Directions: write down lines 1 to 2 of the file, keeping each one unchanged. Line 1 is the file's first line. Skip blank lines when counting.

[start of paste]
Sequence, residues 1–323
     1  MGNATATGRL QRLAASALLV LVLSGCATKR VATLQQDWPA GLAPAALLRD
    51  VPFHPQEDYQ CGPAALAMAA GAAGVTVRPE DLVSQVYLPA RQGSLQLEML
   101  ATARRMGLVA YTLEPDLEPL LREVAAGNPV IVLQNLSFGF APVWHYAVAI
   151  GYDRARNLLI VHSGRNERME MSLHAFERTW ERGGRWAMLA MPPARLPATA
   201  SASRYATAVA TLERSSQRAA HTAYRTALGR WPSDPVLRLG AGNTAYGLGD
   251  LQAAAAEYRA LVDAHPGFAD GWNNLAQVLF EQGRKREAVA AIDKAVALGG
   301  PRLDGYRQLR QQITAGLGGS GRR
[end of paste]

Sequence, residues 1–323
     1  MGNATATGRL QRLAASALLV LVLSGCATKR VATLQQDWPA GLAPAALLRD